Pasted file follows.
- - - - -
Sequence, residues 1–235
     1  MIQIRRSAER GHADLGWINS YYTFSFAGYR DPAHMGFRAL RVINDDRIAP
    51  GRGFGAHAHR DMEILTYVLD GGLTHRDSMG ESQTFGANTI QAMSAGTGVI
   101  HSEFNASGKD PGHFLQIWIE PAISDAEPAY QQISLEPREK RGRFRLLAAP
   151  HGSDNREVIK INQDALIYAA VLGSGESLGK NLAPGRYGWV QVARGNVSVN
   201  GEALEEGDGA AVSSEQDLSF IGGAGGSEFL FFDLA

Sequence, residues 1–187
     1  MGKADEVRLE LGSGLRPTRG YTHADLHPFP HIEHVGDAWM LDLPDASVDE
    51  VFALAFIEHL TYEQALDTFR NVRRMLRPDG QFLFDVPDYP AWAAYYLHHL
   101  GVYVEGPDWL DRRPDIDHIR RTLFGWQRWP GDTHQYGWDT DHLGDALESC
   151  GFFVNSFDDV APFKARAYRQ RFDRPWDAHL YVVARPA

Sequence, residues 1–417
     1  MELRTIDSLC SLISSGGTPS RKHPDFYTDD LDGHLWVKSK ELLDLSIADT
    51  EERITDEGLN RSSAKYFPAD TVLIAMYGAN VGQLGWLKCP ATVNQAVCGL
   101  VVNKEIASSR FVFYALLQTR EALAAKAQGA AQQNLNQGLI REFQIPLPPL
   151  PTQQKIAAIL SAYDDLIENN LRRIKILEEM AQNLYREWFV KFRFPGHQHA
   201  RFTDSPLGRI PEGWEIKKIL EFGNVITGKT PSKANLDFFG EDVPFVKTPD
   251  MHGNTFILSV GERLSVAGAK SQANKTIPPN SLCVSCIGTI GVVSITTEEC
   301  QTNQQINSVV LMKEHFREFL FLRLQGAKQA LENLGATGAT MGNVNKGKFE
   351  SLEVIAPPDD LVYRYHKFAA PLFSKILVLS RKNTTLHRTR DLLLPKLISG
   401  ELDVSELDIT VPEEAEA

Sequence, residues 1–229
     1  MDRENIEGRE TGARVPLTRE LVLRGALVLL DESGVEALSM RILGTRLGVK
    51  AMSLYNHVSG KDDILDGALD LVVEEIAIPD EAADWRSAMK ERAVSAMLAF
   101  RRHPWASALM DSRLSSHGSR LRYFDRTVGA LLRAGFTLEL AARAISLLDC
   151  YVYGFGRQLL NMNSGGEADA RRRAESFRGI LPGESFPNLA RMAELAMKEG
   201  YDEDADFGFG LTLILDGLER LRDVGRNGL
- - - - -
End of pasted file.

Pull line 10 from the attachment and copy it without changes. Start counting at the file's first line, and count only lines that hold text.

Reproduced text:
   101  GVYVEGPDWL DRRPDIDHIR RTLFGWQRWP GDTHQYGWDT DHLGDALESC